* There is one important exception to this--if passing the policy now would make it harder for a better policy to pass in the future than it would be if we didn't pass the policy, that is a valid consideration in determining the costs and benefits of the policy. Since this is a bill that comes once in a generation and progressive reforms tend to lead to more progressive reforms being passed, this argument does not apply to the health care debate.

Wednesday, December 16, 2009


Max Weinberg repays Orrin Hatch for the Hanukkah Song he inflicted upon the world.

Tuesday, December 15, 2009

The Church and the Gays: A Modest Proposal

This will likely be my last post on this topic for a while, as I have managed to say everything that's been floating around in my head. I believe I have said on this blog earlier that I am in an uncomfortable position. Being gay and in a lover of the LDS Church and its members, I have a foot in two worlds that seem diametrically opposed to each other. However, I firmly believe that there are far too many good people on both sides to keep us apart forever.

But what would a rapproachment look like? I think it has to take into account the core concerns of both communities. The LDS Church's core interest is in protecting their ability to preach, congregate, and worship as they please. The gay community's core concern is making sure that their relationships are on an equal footing with straight relationships in the eyes of the State. Any compromise would have to guarantee religious freedom and civil equality. I have written on this issue quite a bit, and have come to the conclusion that same-sex marriage does not infringe on religious freedom, while creating marriage-like statuses that are called something other than marriage does not lead to civil equality.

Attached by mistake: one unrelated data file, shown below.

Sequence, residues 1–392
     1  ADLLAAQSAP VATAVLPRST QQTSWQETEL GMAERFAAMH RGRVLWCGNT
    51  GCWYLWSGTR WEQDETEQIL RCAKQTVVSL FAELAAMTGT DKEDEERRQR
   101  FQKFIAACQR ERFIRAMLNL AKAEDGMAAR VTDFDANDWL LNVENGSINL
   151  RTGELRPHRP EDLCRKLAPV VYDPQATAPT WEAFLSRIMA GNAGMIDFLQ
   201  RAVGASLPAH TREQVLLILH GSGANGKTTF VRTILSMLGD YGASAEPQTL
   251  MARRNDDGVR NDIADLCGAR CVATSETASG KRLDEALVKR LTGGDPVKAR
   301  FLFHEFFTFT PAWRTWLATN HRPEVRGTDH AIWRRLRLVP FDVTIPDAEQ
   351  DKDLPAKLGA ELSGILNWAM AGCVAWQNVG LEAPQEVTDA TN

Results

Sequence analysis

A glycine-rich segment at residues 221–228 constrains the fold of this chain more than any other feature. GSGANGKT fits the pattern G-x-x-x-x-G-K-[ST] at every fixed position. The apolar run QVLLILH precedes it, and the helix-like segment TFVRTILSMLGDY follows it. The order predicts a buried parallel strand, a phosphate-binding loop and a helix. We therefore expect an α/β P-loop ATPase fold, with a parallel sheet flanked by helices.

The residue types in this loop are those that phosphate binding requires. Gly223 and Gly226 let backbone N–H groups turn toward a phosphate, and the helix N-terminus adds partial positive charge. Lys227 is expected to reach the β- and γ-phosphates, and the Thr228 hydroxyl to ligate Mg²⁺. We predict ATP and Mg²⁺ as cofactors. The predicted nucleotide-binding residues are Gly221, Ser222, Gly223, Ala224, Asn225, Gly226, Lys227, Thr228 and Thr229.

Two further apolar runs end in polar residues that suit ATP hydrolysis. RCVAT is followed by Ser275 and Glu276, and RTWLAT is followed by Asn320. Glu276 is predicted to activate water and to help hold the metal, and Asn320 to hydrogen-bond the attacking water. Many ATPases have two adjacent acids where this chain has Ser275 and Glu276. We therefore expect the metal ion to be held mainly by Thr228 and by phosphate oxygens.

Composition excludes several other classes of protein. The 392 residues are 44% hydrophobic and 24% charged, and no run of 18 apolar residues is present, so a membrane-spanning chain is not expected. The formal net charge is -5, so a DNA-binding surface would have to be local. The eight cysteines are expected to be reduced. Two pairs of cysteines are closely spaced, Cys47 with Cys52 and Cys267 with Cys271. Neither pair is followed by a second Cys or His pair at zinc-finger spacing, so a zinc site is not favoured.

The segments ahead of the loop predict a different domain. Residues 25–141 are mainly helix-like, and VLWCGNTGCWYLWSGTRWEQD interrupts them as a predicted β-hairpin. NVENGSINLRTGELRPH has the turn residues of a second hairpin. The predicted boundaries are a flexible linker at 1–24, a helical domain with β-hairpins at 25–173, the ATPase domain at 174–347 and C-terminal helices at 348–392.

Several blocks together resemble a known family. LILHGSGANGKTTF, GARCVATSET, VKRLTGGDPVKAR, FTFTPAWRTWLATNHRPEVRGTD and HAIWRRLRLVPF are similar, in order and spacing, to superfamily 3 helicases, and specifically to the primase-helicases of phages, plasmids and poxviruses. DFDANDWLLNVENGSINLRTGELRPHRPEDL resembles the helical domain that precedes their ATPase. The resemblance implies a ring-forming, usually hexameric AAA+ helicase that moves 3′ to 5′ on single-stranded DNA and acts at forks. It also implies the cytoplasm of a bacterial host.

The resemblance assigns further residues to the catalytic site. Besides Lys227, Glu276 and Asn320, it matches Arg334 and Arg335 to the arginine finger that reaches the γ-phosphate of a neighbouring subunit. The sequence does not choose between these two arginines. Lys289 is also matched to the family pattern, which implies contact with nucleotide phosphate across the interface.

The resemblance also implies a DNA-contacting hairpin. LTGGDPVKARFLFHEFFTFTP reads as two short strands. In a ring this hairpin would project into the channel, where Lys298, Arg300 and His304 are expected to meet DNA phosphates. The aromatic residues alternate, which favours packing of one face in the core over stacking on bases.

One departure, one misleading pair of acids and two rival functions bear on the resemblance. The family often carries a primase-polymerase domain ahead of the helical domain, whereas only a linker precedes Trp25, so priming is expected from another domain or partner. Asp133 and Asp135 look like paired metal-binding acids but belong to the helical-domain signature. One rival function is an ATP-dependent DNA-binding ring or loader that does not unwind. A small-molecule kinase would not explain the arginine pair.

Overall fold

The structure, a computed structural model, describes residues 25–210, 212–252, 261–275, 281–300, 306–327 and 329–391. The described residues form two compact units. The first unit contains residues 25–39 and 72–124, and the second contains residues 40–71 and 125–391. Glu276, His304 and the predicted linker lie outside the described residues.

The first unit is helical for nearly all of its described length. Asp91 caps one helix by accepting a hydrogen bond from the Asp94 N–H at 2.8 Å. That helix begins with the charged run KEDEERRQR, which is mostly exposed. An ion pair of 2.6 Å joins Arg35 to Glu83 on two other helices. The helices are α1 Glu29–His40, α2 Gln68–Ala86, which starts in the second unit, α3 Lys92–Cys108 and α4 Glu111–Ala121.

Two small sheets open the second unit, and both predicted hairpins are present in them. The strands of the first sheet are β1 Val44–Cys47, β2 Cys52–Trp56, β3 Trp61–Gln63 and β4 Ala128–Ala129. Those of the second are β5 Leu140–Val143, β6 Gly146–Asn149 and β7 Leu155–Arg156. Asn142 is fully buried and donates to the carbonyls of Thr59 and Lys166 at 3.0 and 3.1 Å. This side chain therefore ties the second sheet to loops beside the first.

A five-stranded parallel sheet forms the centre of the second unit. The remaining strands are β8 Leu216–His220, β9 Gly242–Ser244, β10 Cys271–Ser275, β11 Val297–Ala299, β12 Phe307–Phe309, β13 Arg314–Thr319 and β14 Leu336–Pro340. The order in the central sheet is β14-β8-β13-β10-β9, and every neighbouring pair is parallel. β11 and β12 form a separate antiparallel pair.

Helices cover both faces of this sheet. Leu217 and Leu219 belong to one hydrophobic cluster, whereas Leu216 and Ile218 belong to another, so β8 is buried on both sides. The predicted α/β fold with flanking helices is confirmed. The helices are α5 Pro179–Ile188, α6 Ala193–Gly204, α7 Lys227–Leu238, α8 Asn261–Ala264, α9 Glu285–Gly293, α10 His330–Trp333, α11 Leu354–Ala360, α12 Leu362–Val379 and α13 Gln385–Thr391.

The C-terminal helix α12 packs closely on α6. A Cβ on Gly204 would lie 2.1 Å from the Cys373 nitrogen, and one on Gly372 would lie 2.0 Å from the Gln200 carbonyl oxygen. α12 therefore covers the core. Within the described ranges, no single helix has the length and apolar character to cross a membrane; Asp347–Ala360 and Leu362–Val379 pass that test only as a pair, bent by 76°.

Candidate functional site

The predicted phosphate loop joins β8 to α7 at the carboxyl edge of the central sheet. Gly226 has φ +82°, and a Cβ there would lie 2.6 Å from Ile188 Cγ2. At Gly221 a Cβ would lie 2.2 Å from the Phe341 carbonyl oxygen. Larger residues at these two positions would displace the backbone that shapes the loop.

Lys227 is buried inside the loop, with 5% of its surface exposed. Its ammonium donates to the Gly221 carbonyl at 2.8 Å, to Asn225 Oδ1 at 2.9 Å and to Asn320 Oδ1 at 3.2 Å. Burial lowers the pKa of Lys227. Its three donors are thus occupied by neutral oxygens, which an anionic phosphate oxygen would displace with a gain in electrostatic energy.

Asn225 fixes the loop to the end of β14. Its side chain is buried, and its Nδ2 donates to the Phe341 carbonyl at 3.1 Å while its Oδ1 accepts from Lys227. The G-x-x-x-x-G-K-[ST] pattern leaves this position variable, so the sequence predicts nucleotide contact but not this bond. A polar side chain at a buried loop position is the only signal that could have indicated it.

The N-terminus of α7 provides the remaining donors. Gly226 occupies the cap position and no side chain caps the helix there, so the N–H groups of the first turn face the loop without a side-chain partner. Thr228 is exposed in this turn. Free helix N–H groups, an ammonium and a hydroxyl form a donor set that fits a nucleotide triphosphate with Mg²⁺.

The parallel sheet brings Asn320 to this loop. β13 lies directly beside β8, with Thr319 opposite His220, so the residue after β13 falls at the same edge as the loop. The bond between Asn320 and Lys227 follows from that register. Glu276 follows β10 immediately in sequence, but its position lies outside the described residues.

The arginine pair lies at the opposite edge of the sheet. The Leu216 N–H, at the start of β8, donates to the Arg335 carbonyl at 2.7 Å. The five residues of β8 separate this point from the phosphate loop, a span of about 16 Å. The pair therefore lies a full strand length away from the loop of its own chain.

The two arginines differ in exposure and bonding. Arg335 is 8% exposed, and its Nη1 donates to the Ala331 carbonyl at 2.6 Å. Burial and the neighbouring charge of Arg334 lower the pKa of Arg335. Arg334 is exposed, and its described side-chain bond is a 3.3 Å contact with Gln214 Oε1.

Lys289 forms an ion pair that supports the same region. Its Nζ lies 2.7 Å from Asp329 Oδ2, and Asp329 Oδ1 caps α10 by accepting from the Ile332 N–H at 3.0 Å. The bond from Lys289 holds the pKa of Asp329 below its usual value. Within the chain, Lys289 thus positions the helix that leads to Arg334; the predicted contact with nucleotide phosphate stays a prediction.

With that in mind, here is my idea of a compromise that would cover each side's core concerns:

1. The Church reiterates its religious opinion that “marriage is between a man and a woman,” and that they will continue to only recognize and perform temple and non-temple marriages for opposite sex couples.

2. The Church also notes that marriage is both a secular institution and a religious institution. To the extent that the State would attempt to impose upon the Church the obligation to accept practices that are against its doctrines, the state would be committing a grievous violation of the “sacred freedom of conscience” and the Church would actively resist any efforts to have such an obligation imposed on them.